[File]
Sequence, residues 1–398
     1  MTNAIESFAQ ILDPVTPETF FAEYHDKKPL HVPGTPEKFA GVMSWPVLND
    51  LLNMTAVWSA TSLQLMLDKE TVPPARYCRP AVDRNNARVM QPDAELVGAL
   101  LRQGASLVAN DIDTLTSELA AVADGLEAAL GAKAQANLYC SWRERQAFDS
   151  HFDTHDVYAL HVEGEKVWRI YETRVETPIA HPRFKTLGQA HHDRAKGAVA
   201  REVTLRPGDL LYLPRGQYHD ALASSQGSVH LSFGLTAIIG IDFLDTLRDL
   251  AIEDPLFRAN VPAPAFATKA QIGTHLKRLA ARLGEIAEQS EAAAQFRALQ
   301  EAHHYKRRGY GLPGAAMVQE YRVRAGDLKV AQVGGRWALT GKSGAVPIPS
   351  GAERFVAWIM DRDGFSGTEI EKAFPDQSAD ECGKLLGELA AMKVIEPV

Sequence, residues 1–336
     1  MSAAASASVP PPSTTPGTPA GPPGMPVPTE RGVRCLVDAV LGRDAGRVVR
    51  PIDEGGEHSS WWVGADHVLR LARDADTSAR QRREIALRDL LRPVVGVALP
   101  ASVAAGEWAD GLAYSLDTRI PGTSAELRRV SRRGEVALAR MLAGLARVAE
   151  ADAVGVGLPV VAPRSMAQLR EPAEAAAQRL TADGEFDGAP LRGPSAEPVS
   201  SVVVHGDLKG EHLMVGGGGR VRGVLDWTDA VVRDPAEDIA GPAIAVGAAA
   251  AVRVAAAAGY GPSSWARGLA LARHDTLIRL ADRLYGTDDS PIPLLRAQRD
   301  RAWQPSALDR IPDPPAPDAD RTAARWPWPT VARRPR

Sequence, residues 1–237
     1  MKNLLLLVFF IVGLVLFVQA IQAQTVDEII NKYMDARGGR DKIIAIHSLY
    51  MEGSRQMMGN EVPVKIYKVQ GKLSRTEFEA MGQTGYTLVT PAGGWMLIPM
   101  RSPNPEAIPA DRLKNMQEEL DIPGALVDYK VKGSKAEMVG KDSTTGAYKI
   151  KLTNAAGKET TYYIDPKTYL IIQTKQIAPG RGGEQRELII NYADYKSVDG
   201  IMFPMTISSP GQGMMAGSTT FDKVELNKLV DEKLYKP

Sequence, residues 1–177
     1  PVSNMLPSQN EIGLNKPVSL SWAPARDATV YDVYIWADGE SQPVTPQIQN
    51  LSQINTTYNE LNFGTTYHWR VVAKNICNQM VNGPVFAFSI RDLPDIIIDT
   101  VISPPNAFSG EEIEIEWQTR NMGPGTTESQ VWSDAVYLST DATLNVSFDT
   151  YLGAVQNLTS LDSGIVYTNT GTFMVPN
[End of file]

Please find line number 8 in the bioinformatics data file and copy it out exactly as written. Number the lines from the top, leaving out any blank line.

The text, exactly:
   301  EAHHYKRRGY GLPGAAMVQE YRVRAGDLKV AQVGGRWALT GKSGAVPIPS